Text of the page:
Chert rocks are found as nodules and concrete masses in carbonate rocks. They vary in size from a few centimeters to many meters in length. The silica that is present in sediments of carbonate rocks comes from groundwater or may come from silica-secreting organisms like diatoms, radiolaria, and sponges which thrive in the oceans and deep sea beds. They possess a silica skeleton. Some sponges produce spicules that are made of silica. The organisms may not be present in the chert nodules, but their remains might have been dissolved by fluids flowing through the rock during diagenesis.

Diagenesis involves transformation of existing sedimentary rocks into a different sedimentary rock at pressure and temperatures less than that is needed for the metamorphic rock formation. Diagenesis involves the changes that may happen after sediment is deposited until it becomes rock. The processes in this stage are compaction, precipitation, cementation (ions present in groundwater chemically precipitating to form new crystals between sediments), and bacterial action. Small crystals of silica present in the sediments (responsible for the formation of carbonate rocks) develop within them. Many silica crystals develop into nodules or concretionary masses. These nodules or masses grow and combine with one another to form a layer of chert within the sediments. Some of the silica in chert is believed to be formed biologically.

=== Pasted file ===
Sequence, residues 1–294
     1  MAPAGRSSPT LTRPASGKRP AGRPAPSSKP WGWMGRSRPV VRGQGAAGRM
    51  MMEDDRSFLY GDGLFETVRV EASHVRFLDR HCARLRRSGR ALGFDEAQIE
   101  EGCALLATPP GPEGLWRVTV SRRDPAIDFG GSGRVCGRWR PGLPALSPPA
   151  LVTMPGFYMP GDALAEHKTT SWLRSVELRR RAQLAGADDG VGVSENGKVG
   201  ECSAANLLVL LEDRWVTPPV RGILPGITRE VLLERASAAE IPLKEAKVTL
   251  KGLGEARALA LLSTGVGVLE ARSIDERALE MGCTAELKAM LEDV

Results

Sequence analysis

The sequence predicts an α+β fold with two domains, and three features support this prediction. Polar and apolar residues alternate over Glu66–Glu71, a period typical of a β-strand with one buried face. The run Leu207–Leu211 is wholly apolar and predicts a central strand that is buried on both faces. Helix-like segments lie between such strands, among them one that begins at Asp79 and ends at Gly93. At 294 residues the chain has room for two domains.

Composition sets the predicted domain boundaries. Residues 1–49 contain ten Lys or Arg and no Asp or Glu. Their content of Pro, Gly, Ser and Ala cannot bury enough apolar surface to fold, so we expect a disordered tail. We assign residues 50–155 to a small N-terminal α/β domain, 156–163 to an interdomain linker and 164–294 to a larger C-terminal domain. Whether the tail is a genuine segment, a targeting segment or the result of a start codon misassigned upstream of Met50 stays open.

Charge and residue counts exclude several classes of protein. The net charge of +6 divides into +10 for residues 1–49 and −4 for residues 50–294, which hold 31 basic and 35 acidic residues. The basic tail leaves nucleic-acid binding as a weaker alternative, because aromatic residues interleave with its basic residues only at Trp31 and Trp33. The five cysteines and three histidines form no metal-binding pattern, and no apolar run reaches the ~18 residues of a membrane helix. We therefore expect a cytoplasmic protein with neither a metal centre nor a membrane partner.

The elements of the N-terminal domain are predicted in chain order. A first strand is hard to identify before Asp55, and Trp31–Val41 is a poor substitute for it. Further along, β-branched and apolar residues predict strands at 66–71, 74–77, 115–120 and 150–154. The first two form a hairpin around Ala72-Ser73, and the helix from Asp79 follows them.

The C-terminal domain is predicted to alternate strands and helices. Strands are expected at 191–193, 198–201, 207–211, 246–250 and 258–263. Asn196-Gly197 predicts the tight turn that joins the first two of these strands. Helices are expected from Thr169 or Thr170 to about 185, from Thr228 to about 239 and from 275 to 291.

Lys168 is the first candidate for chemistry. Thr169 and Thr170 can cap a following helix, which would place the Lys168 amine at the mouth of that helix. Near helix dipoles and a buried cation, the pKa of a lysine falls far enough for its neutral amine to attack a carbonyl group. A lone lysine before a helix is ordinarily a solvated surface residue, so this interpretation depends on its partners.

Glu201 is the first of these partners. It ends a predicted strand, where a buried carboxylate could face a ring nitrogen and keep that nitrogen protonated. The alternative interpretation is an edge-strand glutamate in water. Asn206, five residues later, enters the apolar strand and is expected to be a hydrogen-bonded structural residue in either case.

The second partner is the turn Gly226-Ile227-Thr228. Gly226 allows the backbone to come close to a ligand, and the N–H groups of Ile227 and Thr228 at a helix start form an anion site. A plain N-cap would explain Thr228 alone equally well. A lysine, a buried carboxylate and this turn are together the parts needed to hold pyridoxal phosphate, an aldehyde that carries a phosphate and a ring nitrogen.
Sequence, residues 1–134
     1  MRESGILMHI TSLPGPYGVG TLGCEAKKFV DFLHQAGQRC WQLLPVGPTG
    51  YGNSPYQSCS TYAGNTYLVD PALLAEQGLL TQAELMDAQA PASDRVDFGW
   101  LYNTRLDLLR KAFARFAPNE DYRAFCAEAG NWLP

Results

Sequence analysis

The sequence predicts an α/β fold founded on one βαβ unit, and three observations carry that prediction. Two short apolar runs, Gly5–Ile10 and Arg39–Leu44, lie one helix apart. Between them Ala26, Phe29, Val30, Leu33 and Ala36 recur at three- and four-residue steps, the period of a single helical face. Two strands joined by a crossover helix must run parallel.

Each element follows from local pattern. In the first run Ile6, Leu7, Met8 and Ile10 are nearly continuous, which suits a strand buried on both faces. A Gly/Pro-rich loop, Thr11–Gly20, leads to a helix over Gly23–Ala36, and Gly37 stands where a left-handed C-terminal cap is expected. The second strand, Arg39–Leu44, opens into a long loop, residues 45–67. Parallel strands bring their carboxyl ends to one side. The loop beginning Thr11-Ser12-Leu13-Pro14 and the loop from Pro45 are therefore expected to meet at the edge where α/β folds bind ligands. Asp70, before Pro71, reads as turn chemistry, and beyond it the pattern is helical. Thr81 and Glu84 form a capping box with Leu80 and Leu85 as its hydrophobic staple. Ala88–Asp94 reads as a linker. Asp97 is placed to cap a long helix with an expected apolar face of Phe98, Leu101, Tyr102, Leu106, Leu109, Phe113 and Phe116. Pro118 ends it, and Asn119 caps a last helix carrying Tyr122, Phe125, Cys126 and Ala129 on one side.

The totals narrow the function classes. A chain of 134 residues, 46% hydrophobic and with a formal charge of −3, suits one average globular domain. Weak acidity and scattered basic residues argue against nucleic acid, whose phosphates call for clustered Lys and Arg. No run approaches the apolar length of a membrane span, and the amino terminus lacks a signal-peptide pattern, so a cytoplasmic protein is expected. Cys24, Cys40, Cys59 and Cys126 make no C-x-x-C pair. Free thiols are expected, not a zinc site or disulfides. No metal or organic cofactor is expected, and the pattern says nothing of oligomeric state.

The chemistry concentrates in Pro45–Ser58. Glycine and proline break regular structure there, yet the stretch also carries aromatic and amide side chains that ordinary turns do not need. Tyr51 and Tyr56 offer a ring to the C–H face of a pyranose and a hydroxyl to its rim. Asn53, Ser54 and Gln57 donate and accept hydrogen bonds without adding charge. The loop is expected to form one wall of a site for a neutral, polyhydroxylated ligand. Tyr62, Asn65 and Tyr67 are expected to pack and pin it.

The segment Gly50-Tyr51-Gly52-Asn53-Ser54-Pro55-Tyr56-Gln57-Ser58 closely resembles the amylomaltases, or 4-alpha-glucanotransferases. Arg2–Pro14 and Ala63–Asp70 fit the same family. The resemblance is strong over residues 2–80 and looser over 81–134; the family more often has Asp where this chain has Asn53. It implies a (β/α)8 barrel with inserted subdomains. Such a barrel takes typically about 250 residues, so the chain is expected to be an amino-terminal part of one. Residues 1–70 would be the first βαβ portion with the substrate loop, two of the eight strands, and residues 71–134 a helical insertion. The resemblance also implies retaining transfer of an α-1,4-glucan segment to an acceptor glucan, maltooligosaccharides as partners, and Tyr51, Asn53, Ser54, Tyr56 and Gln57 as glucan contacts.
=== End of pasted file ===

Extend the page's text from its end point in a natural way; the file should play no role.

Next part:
Properties
Chert Rock
Chert is a very fine-grained quartz, a silica mineral with small impurities. It has a smooth (non-clastic) sedimentary texture. The rock has a waxy or glassy luster. It is both opaque and translucent.